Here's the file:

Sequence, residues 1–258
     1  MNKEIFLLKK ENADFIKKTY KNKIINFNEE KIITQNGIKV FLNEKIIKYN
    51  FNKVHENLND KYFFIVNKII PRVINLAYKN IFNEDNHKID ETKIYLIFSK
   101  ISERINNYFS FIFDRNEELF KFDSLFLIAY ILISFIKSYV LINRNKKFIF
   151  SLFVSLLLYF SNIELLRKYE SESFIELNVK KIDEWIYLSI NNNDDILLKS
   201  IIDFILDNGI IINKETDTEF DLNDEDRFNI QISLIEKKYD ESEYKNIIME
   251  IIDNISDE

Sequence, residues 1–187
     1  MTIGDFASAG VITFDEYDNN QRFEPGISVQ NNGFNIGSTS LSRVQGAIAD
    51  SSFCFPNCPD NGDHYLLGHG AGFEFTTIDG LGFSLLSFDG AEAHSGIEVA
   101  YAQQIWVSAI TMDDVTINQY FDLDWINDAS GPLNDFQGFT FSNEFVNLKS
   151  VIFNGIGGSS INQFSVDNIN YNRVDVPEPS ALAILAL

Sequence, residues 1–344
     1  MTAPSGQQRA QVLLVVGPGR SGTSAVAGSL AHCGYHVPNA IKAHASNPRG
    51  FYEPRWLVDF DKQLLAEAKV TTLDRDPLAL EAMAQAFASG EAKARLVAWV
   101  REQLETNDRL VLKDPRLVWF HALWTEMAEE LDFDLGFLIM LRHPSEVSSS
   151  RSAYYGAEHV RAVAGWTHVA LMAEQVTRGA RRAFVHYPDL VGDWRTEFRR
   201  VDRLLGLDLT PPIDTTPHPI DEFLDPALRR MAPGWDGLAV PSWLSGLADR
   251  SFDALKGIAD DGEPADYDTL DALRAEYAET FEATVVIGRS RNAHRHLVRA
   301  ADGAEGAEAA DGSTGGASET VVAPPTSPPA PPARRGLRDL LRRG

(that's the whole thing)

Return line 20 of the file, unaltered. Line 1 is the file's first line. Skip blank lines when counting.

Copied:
   301  ADGAEGAEAA DGSTGGASET VVAPPTSPPA PPARRGLRDL LRRG